Electronic mail systems, for example, permit users on different computers to communicate with one another by transmitting information such as text messages and the like between the different computers. Electronic mail is often used to permit employees in a company to communicate with other employees connected to the company's internal network, regardless of whether they are in the same building or another company facility. Also, due to the explosive growth of the Internet, electronic mail has now become a relatively common way for anyone with a computer to communicate with other computer users all over the world.

Such tremendous success raises many security issues. Some people perform hacking—trying to violate someone else's computer security for fun, stealing industrial secrets, stealing military secrets, and so forth. Some people develop viruses, worms or other harmful applications for contaminating computer systems and thereby causing damage thereto. Internet and more specifically the electronic mail systems have become a convenient medium through which to receive “infections.”

In order to counteract the above-mentioned attacks, a typical commercial private computer network comprises a protection system such as a firewall. There are also personal firewall software packages available. “The perfect personal firewall would be inexpensive and easy to install and use, would offer clearly explained configuration options, would hide all ports to make your PC invisible to scans, would protect your system from all attacks, would track all potential and actual threats, would immediately alert you to serious attacks, and would ensure nothing unauthorized entered or left your PC” (Jeff Sengstack, in Make Your PC Hacker Proof, PC World; Jul. 21, 2000). Basically, a firewall is a security process in the form for example of a program or hardware device between an internal network and the Internet for filtering information coming through an Internet connection into a private network of computer systems or into a single computer system, and preventing certain types of transactions from occurring. If someone wants to retrieve a file, a document, or any information from a computer system or a network, a request is sent through the Internet to the computer system or network. The firewall, which is strategically positioned at the Internet connection intercepts the request and blocks or disables it. However, when information is sent from a computer system or the network through the Internet via a known channel such as electronic mail software, the firewall does not intervene. Further, data received from the Internet is allowed to enter the network unfettered so long as it is not deemed a security concern. When a virus protection software application and a firewall application are both up-to-date and in execution, a system should be safe from most security threats.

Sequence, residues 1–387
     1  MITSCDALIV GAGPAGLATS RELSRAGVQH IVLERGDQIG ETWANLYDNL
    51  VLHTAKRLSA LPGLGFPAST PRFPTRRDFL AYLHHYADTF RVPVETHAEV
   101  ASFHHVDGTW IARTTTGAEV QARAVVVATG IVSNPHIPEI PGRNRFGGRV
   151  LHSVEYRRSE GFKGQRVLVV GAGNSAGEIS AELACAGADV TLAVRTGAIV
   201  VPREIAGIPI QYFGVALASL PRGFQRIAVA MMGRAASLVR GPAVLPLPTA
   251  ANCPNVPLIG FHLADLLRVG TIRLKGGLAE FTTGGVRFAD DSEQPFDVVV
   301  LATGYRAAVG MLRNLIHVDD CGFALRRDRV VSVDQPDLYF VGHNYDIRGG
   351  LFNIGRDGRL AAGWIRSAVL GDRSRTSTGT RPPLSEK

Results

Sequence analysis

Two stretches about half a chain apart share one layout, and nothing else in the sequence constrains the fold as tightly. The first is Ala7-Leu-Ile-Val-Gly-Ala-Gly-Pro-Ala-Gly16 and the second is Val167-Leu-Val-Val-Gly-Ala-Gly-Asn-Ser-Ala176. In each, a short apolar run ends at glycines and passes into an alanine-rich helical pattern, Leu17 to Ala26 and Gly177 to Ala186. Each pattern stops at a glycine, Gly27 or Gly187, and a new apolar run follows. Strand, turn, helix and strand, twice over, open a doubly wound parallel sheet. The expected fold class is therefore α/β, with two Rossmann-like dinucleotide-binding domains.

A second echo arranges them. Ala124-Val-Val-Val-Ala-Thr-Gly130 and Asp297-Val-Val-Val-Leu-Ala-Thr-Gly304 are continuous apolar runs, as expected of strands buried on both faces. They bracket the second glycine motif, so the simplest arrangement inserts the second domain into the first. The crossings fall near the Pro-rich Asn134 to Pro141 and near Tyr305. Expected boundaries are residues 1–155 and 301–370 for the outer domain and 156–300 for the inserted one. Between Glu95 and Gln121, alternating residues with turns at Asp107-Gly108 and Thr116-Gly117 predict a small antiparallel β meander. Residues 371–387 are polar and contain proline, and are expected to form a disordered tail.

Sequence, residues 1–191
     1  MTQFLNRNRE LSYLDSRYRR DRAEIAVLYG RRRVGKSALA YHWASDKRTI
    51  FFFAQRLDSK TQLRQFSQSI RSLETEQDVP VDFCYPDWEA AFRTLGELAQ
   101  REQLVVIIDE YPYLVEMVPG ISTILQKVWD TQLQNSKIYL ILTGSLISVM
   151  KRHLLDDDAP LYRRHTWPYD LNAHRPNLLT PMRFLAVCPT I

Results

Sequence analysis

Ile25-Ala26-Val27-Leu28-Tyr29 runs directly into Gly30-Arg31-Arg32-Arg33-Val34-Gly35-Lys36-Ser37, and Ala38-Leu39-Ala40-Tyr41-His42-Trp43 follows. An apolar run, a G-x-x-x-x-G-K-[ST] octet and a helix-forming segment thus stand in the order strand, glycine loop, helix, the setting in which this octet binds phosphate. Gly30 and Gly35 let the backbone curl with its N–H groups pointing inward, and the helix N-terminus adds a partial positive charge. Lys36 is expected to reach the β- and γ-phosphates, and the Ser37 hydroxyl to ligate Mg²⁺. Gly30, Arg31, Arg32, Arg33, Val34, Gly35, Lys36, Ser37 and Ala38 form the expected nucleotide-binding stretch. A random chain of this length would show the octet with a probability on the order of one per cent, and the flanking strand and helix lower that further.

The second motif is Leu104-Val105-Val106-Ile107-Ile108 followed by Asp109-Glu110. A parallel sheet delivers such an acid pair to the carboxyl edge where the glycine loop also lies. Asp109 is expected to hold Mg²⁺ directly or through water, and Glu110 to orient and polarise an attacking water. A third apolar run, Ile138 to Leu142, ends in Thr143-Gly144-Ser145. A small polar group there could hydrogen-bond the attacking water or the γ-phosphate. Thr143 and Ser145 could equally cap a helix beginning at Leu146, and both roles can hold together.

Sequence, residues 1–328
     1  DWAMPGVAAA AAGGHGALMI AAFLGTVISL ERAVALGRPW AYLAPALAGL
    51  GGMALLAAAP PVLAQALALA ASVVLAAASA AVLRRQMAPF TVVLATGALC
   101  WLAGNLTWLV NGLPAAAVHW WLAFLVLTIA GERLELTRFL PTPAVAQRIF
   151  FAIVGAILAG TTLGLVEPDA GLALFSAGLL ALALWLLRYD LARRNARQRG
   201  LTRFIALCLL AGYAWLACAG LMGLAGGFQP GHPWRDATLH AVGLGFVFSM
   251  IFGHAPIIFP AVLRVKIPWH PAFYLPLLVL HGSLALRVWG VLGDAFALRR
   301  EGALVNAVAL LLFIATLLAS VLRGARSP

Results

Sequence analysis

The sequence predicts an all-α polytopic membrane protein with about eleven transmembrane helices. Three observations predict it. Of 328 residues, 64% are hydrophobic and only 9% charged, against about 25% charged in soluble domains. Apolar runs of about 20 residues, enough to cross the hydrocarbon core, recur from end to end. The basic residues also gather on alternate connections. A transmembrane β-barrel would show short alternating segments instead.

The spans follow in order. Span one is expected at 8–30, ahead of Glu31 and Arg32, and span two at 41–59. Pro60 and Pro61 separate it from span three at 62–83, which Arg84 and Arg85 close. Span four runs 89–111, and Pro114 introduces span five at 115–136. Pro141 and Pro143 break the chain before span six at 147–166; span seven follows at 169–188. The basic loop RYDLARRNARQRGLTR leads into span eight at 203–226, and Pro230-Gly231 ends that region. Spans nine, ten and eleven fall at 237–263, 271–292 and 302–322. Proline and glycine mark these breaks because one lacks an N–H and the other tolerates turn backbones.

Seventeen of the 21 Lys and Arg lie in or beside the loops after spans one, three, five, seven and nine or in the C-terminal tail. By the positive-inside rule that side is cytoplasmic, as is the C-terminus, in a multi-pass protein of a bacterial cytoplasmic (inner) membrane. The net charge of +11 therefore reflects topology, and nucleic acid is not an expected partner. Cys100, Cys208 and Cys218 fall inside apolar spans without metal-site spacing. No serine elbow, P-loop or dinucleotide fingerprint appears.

Therefore, in order to bypass firewall applications to be able to extract information from a computer system or a network, people have started to use those known channels for providing the extracted data. For example, an active email message is provided from the Internet to an electronic mail application in execution on a computer system. The electronic mail message includes a small application for transmitting information from the computer system or the network out to the Internet. Fortunately, existing firewalls disable these messages.